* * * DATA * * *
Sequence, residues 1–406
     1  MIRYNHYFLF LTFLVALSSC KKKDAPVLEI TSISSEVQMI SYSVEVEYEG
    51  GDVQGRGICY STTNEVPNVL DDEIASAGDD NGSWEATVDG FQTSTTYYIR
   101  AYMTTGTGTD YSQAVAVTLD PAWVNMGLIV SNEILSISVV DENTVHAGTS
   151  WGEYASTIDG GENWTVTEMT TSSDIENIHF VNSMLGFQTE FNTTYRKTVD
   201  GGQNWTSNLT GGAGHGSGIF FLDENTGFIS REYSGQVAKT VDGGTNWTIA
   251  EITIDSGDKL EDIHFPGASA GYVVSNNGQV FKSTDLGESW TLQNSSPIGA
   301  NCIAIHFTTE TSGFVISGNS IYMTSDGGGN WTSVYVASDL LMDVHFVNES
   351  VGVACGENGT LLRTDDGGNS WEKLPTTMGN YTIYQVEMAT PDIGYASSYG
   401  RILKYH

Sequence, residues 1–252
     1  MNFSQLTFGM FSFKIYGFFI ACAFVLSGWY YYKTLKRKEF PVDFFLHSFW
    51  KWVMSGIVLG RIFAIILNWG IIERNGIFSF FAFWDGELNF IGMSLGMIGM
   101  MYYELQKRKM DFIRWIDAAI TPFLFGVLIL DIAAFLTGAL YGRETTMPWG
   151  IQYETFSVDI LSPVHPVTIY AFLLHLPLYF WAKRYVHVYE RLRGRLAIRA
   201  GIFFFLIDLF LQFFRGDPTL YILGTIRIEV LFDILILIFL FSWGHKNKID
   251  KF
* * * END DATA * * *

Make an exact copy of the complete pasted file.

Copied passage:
Sequence, residues 1–406
     1  MIRYNHYFLF LTFLVALSSC KKKDAPVLEI TSISSEVQMI SYSVEVEYEG
    51  GDVQGRGICY STTNEVPNVL DDEIASAGDD NGSWEATVDG FQTSTTYYIR
   101  AYMTTGTGTD YSQAVAVTLD PAWVNMGLIV SNEILSISVV DENTVHAGTS
   151  WGEYASTIDG GENWTVTEMT TSSDIENIHF VNSMLGFQTE FNTTYRKTVD
   201  GGQNWTSNLT GGAGHGSGIF FLDENTGFIS REYSGQVAKT VDGGTNWTIA
   251  EITIDSGDKL EDIHFPGASA GYVVSNNGQV FKSTDLGESW TLQNSSPIGA
   301  NCIAIHFTTE TSGFVISGNS IYMTSDGGGN WTSVYVASDL LMDVHFVNES
   351  VGVACGENGT LLRTDDGGNS WEKLPTTMGN YTIYQVEMAT PDIGYASSYG
   401  RILKYH

Sequence, residues 1–252
     1  MNFSQLTFGM FSFKIYGFFI ACAFVLSGWY YYKTLKRKEF PVDFFLHSFW
    51  KWVMSGIVLG RIFAIILNWG IIERNGIFSF FAFWDGELNF IGMSLGMIGM
   101  MYYELQKRKM DFIRWIDAAI TPFLFGVLIL DIAAFLTGAL YGRETTMPWG
   151  IQYETFSVDI LSPVHPVTIY AFLLHLPLYF WAKRYVHVYE RLRGRLAIRA
   201  GIFFFLIDLF LQFFRGDPTL YILGTIRIEV LFDILILIFL FSWGHKNKID
   251  KF